Hurricanes are very powerful tropical storms (also known as a tropical cyclone). When a tropical storm’s maximum sustained winds reach 74 mph (119 km/h), it is called a hurricane.
Hurricane is actually the name of a tropical cyclone that occurs in the Atlantic Ocean and the northeastern Pacific Ocean. In the northwestern Pacific Ocean; in the south Pacific or the Indian Ocean, for example, hurricanes usually known as typhoons.
Hurricanes get classified by their sustained wind speed. The Saffir–Simpson hurricane wind scale (SSHWS) is a 1 to 5 rating based on a hurricane’s sustained wind speed. This scale estimates potential property damage.
Hurricanes reaching Category 3 and higher are considered major hurricanes because of their potential for significant loss of life and damage. Category 1 and 2 storms are still dangerous, however, and require preventative measures.
Here are 20 amazing hurricane facts.
Continue reading 20 Amazing Hurricane Facts
Heidi Pearson, University of Alaska Southeast
As the prospect of catastrophic effects from climate change becomes increasingly likely, a search is on for innovative ways to reduce the risks. One potentially powerful and low-cost strategy is to recognize and protect natural carbon sinks – places and processes that store carbon, keeping it out of Earth’s atmosphere.
Continue reading Sea creatures store carbon in the ocean – could protecting them help slow climate change?
On April 15, 1912, RMS Titanic, which was the largest ship afloat at the time she entered service, sank in the North Atlantic Ocean after colliding with an iceberg during her maiden voyage from Southampton to New York City.
It was one of the deadliest commercial marine disasters in modern history: of the estimated 2,224 passengers and crew aboard, more than 1,500 died.
Here is a real-time animation of the RMS Titanic’s sinking below, published by Titanic: Honor And Glory channel.
Continue reading Titanic sinking in real time (2 hours and 40 minutes)
French freediving champion Guillaume Néry, and his wife, the French freediver, underwater filmmaker and dancer Julie Gautier published an amazing video titled “One breath around the world”.
In the video, Néry plunges into the ocean’s hidden depths, revealing remarkable views of marine geology and wildlife, without the aid of supplied air. There are many amazing scenes like “dancing with the whales”.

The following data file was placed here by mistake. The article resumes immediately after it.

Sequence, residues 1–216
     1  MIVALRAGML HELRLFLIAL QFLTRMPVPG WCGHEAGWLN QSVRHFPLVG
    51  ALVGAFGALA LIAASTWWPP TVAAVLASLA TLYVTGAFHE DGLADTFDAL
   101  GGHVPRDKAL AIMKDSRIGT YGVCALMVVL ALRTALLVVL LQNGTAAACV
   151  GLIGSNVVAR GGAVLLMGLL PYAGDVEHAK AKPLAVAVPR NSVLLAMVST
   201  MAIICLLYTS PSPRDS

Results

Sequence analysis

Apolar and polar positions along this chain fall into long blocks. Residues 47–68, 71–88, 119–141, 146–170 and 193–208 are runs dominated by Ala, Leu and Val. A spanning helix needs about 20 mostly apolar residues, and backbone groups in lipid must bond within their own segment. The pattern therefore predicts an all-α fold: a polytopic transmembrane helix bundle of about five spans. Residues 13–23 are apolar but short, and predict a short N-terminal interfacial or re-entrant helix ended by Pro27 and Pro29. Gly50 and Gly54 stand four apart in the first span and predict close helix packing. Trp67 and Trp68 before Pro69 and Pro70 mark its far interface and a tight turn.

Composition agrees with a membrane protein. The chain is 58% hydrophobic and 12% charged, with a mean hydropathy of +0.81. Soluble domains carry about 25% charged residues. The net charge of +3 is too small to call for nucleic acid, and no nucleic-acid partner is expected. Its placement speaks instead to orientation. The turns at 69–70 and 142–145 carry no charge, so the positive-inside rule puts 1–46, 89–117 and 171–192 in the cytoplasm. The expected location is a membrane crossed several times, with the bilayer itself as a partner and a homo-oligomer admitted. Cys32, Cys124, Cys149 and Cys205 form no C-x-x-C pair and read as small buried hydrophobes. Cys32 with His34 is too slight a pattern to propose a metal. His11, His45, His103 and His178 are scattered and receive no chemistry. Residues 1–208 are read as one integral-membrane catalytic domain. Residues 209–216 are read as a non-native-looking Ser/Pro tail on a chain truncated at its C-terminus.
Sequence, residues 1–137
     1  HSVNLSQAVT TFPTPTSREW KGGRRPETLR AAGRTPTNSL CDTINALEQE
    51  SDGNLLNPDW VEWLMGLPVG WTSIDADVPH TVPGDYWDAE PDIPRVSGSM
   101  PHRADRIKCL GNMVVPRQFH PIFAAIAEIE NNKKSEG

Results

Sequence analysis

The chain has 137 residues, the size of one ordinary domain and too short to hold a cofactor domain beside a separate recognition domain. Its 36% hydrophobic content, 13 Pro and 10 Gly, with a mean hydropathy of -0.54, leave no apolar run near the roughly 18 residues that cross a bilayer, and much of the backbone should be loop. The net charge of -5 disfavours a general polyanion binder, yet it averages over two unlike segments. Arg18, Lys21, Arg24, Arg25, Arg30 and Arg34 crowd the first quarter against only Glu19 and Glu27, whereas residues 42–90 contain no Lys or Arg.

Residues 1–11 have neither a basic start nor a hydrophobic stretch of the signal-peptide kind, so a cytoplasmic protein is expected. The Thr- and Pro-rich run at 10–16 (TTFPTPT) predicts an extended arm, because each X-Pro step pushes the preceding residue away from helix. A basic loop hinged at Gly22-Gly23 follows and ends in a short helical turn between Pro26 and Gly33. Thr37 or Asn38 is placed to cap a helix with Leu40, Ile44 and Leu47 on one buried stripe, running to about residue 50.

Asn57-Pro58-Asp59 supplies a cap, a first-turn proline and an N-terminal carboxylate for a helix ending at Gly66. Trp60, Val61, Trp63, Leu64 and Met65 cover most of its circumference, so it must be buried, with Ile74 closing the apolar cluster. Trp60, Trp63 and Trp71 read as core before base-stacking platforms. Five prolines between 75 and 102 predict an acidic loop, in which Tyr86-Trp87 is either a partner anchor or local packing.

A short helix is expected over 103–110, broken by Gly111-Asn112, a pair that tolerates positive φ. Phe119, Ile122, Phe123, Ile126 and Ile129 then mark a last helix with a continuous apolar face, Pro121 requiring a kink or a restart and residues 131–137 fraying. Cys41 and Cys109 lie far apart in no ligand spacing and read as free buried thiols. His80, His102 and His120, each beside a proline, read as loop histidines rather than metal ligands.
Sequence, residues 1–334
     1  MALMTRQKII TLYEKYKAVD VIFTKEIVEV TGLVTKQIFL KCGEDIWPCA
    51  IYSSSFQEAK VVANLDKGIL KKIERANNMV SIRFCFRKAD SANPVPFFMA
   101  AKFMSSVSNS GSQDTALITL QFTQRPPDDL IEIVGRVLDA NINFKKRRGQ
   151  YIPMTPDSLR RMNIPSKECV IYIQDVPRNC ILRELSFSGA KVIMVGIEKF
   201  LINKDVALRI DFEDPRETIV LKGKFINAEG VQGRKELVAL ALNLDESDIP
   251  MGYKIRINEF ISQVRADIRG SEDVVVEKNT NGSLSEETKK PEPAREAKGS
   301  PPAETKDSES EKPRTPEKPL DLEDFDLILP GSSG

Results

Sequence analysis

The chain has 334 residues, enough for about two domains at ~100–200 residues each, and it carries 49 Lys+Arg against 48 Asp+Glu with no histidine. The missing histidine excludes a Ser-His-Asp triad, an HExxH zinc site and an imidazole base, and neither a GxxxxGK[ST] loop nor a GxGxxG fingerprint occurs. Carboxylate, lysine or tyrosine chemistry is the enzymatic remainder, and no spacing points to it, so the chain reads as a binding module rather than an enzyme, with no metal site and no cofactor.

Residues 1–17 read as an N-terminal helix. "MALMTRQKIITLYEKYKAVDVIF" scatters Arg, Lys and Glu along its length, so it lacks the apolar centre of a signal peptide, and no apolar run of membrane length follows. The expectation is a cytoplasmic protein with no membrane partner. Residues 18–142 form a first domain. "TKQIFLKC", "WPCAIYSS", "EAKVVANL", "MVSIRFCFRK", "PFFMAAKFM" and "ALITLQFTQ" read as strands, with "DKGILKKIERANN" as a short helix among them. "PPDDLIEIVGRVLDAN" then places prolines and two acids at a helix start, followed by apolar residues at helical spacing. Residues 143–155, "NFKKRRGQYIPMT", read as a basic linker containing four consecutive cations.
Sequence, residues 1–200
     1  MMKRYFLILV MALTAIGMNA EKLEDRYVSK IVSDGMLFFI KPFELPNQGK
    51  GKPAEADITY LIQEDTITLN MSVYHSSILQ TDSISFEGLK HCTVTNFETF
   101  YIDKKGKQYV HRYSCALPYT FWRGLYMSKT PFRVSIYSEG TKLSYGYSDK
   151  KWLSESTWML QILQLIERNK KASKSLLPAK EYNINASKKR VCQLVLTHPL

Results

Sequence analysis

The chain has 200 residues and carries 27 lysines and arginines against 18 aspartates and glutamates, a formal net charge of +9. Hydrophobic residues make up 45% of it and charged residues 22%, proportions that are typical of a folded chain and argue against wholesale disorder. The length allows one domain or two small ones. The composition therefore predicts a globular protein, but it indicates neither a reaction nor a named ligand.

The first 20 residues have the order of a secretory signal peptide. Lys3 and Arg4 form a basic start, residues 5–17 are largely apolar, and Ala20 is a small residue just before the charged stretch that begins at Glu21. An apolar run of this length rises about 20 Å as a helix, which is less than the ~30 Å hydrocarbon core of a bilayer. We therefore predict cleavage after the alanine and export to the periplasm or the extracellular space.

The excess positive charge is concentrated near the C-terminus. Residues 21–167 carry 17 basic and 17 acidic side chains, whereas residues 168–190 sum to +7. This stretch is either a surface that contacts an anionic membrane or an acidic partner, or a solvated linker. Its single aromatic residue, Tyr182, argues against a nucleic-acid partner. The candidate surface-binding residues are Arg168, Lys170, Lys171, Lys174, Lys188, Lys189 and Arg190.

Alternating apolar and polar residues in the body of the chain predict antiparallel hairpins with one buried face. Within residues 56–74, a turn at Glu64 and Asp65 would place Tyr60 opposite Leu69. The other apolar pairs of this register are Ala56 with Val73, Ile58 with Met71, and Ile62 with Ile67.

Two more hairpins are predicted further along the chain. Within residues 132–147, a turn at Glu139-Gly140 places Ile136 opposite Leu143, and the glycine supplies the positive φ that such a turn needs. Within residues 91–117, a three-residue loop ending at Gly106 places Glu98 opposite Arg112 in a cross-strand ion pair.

Continue reading Dancing with the whales – amazing freediving video!
Reported by the sailors at least since the 19th century, a rogue wave is a very large, extremely steep, unexpected and suddenly appearing surface wave. It is also called as a freak wave, monster wave, killer wave, and extreme wave.
For centuries, seamen told stories about encounters with extremely big, ship-sinking waves, much bigger than any wave surrounding them. According to sailors, these waves were also so steep – almost vertical, insurmountable walls of water.
Continue reading What is a Rogue Wave and why they are so dangerous
As I scuba dive in Oslob Bay off Cebu Island in the Philippines, I see a tiny shadow dart over the surface of the spherical coral block – a minute fish, a goby of the genus Eviota, among the smallest vertebrates in existence, only about a centimetre long and less than 1/10th of a gramme light. It’s about a million times smaller than myself, with the same basic vertebrate body: a spinal cord, a bony skull, a brain, kidneys and a liver. With the exception of gills and lungs, the tiny fish and I share similar sets of organs, just at a very dissimilar size.
Continue reading Is bigger always better, or will the tiny inherit the Earth?
The blue whale (scientific name: Balaenoptera musculus) is a marine mammal belonging to the baleen whales (Mysticeti). Up to 31 meters (102 feet) in length and 190 tonnes (210 short tons) in weight, it is the largest extant animal and also is the heaviest known to have existed. But it’s hard to conceptualize how big these wonderful animals really are. To put things into perspective, Facts in Motion channel prepared a video titled “Blue Whales Are Way Bigger Than You Think”. The video also explains the evolutionary reasons behind how and why blue whales get that large.
Continue reading How big is the blue whale? Watch to see
Our planet is getting warmer, with an increasing pace. This month, there were three bad, very bad news about global warming. According to a study published in Proceedings of the National Academy of Sciences, Antarctica is losing six times more ice mass annually now than 40 years ago. Another study, published in the scientific journal Advances in Atmospheric Sciences concluded that 2018 was the hottest year ever recorded for the Earth’s oceans. And, according to research released in the online journal Nature Communication, Permafrost is warming at a global scale – the temperature of the frozen ground in continuous permafrost zones rose by an average of 0.3 degrees Celsius between 2006 and 2017.
Continue reading Global Warming: Three bad (very bad!) news
A woman was swimming on 4 December 2018 at Hahei Beach on the Coromandel peninsular, New Zealand. Then a pod of orcas (killer whales) swam up to her (probably a mother and two calves), and circled her. They kept swimming around her while she was headed to the shore. Especially the mother swam really close to her. A man named Dylan Brayshaw captured the full scene from a drone. The result is the amazing drone footage below.
Continue reading Watch: Orcas SWIMMING AROUND a Woman
Would you like to have the ability to transform back to a younger version of yoursel? Meet Immortal Jellyfish (scientific name: Turritopsis dohrnii), the only species on Earth which can live (theoretically, at least) an eternal life.
Continue reading Immortal Jellyfish – the only animal which can live eternally